If a portfolio is designed to achieve specific future outcomes, built based on the tenets of generally accepted investment best practices, and if doing so can provide the expected return necessary to achieve those outcomes, then why would that same investor purposefully inject more risk into the mix than is necessary?
Junk Bond Risk in The Context of Treasuries
Right now the spread (difference) between junk bond yields and yields on U.S. Treasury Bonds is about 4 percentage points. That’s a pretty big differential in today’s interest rate environment. But, consider that spread in the context of the risk that junk bonds have over government bonds.
Treasury Bonds are backed by the full faith and credit of the United States of America. The default risk on them is as close to zero as exists. That can’t be said of any issuers of junk bonds.
All investments come with risk. Even Treasuries have inflation risk and interest rate risk. But both of those risks can be mitigated using portfolio management techniques like laddering. That might be a little harder to do with junk bond funds, especially if fund flows remain as negative in 2019 as existed in 2018. Sharp outflows can affect redemptions and pricing of funds and EFTs. Those risks are completely absent from Treasuries.
Consider the possibility that the U.S. economy may at some point in the future experience a slowdown or recession. Neither of those circumstances is likely to have an effect on the ability of the federal government to pay its obligations to bondholders. Obviously, the same cannot be said of junk bond issuers.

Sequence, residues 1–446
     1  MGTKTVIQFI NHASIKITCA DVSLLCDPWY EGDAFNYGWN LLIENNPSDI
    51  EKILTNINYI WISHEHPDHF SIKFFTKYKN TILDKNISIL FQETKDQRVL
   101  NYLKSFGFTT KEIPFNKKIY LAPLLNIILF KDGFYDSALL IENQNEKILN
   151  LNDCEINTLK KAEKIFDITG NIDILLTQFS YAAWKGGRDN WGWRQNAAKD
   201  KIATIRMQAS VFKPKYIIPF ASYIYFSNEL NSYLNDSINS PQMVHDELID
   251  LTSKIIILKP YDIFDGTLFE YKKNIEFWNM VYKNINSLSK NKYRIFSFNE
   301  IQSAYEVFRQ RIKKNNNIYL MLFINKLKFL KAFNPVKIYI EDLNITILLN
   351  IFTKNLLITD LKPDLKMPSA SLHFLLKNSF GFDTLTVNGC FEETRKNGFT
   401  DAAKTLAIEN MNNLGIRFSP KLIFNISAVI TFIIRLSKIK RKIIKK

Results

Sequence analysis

What This Means, and What Investors Should Be Doing
For investors seeking to generate income and reduce portfolio volatility, bonds are a perfect fit. But, stretching for yield using less than investment grade bond funds might not be the most prudent way to achieve those objectives.
Practically speaking, how can an individual investor determine what bonds they have and if they are appropriate? As a first step, research the funds and ETFs you own. Many websites (Yahoo Finance, for example) will provide information on the underlying holdings and the quality of the bonds in the fund you own. Remember, quality bonds or investment grade bonds have A ratings or above. If the majority of the bonds in the fund are rated B or lower, it’s a junk bond fund. Also, check the yield. If it is 4 percentage points or higher than a Treasury bond, it’s probably a junk bond.
In addition, look for the term “high yield” in the fund’s literature. You generally won’t see fund companies using the term “junk bond” or advertising the higher risk factor. High yield sounds like a desirable trait. Unfortunately, many investors don’t realize that a high-yield bond fund holds risky positions, and those higher yields can add extra volatility. If your goal is to add stability to your investments, you would be better advised to focus first on quality.